Fran Spielman Show

Veteran City Hall reporter Fran Spielman’s interviews with Chicago’s movers and shakers.

John Catanzara, president of the Fraternal Order of Police, said he’s fed up with having Chicago police officers “babysit” migrants at district stations.
In wide-ranging interview, mayor reveals he’s more concerned about building consensus than he is about checking boxes on his list of campaign promises.
The Fran Spielman Show
The pace of progress will depend on the amount of new revenue Mayor Brandon Johnson can get and when he can get it, Chicago’s COO John Roberson said.
A rising star in a more progressive Chicago City Council, Fuentes shared her inspirational story hoping it will blaze a positive trail for young people making destructive choices. “I got lucky to have people who introduced me to a world of organizing and movement,” Fuentes told the Sun-Times.
Inspector General Deborah Witzburg said Thursday that whenever there is a state of emergency and a haste to deliver financial aid, there is an inevitable shortage of oversight that invites abuse.
Attorneys Parker Stinar and Patrick Salvi Jr. said they have heard from Northwestern athletes who describe abuse that is far worse in women’s sports than in the football program formerly run by fired head coach Pat Fitzgerald.
Anthony Driver Jr., president of the Community Commission for Public Safety and Accountability, has a favorite among the three finalists sent to Mayor Brandon Johnson, who has 30 days to decide. But Driver won’t say who it is.
The three-year agreement, with a two-year renewal option, calls for the Park District to receive a $500,000 permit fee. That pales by comparison to the $8 million to $9 million Lollapalooza pays every year to rent Grant Park.
The mayor risks disappointing progressive voters who put him in office, but deputy chief of staff Cristina Pacione-Zayas isn’t concerned. In fact, the former state senator expects her fellow progressives to keep the heat on.
Over the years, the Civic Federation has repeatedly advocated for cutting the 50-member City Council in half, only to have alderpersons protect their fiefdoms.
Jack Lavin, Chicagoland Chamber of Commerce president, still isn’t willing, however, to back $800 million in business taxes Mayor Brandon Johnson wants for social programs that are key to his anti-violence strategy.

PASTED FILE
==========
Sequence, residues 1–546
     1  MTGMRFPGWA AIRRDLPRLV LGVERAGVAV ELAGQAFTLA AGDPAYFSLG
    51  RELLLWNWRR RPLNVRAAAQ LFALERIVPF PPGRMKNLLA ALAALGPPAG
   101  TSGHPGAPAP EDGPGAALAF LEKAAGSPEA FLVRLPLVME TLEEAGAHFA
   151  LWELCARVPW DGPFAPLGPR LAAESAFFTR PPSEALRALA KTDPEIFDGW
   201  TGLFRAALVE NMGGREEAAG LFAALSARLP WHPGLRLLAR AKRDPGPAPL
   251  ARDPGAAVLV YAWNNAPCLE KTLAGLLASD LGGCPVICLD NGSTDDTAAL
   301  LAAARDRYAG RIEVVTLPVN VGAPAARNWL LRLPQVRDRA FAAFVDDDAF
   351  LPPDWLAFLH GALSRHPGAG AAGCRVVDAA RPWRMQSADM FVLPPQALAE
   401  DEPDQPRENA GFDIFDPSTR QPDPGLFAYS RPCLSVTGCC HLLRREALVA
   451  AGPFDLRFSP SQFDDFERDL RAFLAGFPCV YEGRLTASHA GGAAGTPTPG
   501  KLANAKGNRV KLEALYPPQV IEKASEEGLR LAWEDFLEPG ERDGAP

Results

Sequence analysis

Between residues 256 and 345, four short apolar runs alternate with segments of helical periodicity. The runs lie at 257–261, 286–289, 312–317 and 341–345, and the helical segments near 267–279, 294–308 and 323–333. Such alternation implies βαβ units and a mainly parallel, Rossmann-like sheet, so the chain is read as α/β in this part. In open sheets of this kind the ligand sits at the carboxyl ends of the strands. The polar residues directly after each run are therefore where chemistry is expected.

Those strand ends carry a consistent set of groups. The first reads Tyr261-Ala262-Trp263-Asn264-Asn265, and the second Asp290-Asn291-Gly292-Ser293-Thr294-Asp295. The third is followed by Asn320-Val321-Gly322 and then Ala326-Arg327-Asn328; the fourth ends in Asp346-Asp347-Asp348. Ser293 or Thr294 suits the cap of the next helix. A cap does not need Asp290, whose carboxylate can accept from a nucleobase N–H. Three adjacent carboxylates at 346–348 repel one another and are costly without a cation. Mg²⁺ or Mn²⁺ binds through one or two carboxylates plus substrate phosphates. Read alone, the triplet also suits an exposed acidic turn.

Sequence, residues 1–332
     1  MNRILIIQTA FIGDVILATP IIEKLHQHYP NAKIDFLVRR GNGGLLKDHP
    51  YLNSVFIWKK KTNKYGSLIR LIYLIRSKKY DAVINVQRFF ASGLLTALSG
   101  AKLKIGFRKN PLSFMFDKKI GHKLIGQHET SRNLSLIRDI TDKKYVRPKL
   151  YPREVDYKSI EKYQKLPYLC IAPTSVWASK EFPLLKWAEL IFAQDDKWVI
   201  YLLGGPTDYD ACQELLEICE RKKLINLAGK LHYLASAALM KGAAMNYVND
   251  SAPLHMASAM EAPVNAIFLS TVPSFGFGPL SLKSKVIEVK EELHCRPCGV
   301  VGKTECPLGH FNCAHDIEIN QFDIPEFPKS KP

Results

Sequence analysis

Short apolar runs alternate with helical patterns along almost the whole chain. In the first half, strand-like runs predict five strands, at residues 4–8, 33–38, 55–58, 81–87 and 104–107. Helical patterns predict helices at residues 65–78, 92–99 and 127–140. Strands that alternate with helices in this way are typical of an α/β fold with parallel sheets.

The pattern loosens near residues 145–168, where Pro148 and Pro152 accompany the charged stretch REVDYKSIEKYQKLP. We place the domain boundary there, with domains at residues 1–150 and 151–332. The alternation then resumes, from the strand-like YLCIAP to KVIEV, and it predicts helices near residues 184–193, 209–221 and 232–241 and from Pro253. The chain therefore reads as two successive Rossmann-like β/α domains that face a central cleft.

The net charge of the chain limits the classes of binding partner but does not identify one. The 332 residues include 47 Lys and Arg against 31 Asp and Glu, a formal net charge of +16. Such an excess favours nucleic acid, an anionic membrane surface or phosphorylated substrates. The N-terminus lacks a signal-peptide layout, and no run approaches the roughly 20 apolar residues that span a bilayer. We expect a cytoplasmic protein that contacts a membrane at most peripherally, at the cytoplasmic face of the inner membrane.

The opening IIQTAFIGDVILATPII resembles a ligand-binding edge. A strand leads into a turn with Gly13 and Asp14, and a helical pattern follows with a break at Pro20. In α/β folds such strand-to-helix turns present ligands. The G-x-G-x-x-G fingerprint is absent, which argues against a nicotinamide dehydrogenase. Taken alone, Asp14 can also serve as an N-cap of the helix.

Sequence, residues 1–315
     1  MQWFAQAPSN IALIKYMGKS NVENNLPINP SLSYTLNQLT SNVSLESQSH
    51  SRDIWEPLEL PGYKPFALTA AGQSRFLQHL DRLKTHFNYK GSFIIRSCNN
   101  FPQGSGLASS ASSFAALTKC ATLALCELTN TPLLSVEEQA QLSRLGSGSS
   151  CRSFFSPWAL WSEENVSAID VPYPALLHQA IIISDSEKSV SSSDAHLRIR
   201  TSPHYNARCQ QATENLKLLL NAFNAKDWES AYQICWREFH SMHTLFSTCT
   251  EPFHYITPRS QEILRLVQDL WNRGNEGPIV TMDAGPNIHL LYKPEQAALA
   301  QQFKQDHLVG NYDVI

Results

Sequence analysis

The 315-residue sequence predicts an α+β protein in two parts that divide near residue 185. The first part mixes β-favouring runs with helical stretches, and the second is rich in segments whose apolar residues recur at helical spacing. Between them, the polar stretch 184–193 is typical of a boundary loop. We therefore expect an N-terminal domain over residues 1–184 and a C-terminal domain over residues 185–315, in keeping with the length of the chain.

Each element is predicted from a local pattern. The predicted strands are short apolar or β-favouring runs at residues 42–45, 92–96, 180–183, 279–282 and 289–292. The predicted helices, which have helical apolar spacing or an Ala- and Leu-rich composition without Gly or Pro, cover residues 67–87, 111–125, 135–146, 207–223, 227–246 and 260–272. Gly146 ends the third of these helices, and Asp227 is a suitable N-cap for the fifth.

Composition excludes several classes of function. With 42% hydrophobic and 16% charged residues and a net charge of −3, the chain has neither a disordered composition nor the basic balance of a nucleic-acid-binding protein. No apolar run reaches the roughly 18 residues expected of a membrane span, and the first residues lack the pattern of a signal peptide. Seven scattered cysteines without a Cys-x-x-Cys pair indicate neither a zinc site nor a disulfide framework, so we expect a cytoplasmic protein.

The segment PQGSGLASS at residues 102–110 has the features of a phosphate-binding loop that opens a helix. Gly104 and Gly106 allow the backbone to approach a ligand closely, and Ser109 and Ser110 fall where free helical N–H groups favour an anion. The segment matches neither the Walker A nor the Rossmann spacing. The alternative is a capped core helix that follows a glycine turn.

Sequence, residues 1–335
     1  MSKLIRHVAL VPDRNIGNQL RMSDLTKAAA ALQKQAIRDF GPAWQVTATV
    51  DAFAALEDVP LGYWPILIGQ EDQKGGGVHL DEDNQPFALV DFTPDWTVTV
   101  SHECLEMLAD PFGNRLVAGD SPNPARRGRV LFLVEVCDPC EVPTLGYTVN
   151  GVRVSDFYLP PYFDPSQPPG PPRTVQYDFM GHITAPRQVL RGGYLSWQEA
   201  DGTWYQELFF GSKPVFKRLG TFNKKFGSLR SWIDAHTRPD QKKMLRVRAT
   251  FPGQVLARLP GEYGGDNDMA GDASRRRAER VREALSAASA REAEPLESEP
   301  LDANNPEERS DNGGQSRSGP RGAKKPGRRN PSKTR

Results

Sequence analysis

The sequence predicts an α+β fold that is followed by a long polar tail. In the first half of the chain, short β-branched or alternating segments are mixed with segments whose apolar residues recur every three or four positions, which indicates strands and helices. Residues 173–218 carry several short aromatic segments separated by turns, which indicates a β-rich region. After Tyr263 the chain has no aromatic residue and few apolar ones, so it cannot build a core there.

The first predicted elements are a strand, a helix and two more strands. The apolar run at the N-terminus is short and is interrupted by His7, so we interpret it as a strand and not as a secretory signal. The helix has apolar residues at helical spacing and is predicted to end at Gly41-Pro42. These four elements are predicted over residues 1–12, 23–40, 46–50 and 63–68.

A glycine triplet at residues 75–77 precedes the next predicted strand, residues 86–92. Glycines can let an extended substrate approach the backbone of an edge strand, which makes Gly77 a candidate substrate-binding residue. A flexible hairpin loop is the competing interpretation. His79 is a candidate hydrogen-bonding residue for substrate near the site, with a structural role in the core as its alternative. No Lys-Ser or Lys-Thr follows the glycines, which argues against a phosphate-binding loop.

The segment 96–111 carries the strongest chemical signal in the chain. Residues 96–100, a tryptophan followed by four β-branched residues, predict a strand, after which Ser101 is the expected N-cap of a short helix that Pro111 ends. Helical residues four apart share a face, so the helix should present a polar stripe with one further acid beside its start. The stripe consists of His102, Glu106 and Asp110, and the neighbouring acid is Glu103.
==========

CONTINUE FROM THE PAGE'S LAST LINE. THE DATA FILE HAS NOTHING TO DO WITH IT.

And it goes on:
Ald. Jeanette Taylor argued that CHA CEO Tracey Scott deserves to be ousted because the agency has failed to deliver on its fundamental mission — and the same goes for CTA President Dorval Carter Jr.
“My accountant and my lawyers are working on that. It’s fine. It hasn’t gone anywhere. We’ve just got to reconcile it. And it will be reconciled,” Burnett said Thursday.
Ald. Walter Burnett expected to be stuck in the political wilderness. Instead, he became vice-mayor, with a $400,000 budget, keeping the staff he had as chairman of the Committee on Pedestrian and Traffic Safety.
On June 30, Mike Flannery, political editor of Fox 32-Chicago, will retire after 50 years on the beat. He sat down with the Sun-Times, where he got his start, to reminisce about his storied career and the “blind spots” of the Chicago mayors he has covered.
“Mayor Lightfoot, in her final days, really worked to harm this incoming administration. It’s sad. It’s unfortunate. But we now have to come together as a city and clean up the mess that she left us,” Carlos Ramirez-Rosa, the mayor’s City Council floor leader, told the Sun-Times.
Rich Guidice, who spent nearly 20 years running the Office of Emergency Management and Communications, said he has never seen an emergency quite like the thousands of asylum-seekers who have poured into Chicago since September, with scores more on the way.
Rich Guidice, who for 20 years ran the Office of Emergency Management and Communications, said “Chicago Police did the best they could to get to the scene of the incident as quickly as they did.”
Mayor-elect Brandon Johnson’s transition team members “have not tried to influence our process. They have not tried to submit names,” said Anthony Driver, president of the Community Commission for Public Safety and Accountability, which is conducting the search.
Don’t expect “wholesale, universal changes” in city departments, said Jason Lee, a senior adviser to Johnson’s mayoral campaign and transition team, citing a need for “at least some initial continuity so that we can make sure that government maintains its core functions.”
Finance Committee Chair Scott Waguespack is among the committee chairs who could be pushed out in favor of more chairs loyal to Mayor-elect Brandon Johnson.
Veteran Democratic political strategist Joe Trippi, advising the Paul Vallas campaign, said the number of mail-in ballots is almost certain to be bigger than the margin separating Vallas and Brandon Johnson Tuesday.
Tunney, chairman of the Council’s Zoning Committee, came close to joining the race after his longtime friend and political ally, U.S. Rep. Mike Quigley, D-Ill., took a pass.
Neither the city’s longtime negotiator, Jim Franczek, nor Mayor Lori Lightfoot commented on the situation.
Jim Franczek described Vallas as a “pretty independent guy” while he’s wary of Johnson’s ties to the Chicago Teachers Union.
Johnson’s campaign manager said Johnson and Garcia have had “several good conversations.” More meetings with a “broader group” of Garcia supporters are scheduled for next week, in hoipes of securing Garcia’s endorsement.